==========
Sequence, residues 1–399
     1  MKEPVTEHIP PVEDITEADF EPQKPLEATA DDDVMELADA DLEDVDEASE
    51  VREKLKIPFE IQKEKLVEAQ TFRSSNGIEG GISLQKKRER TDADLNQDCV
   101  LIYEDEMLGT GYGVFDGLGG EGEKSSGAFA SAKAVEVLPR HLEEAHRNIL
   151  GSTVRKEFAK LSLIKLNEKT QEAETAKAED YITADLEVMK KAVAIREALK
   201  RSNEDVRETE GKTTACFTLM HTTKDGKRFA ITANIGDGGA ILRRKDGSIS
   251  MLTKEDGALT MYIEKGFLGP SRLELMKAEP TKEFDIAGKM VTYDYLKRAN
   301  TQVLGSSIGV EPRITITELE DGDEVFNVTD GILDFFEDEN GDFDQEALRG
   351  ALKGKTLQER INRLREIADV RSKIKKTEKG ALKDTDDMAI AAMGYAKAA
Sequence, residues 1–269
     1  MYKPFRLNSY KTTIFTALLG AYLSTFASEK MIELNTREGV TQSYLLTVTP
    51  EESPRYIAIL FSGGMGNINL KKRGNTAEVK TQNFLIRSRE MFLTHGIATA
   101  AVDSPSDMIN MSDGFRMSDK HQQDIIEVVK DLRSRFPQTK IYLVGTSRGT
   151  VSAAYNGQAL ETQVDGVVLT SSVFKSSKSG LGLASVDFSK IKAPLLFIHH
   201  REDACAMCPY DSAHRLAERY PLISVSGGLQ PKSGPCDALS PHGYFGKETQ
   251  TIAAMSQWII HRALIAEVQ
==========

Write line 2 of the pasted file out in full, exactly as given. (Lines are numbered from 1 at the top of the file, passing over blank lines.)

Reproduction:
     1  MKEPVTEHIP PVEDITEADF EPQKPLEATA DDDVMELADA DLEDVDEASE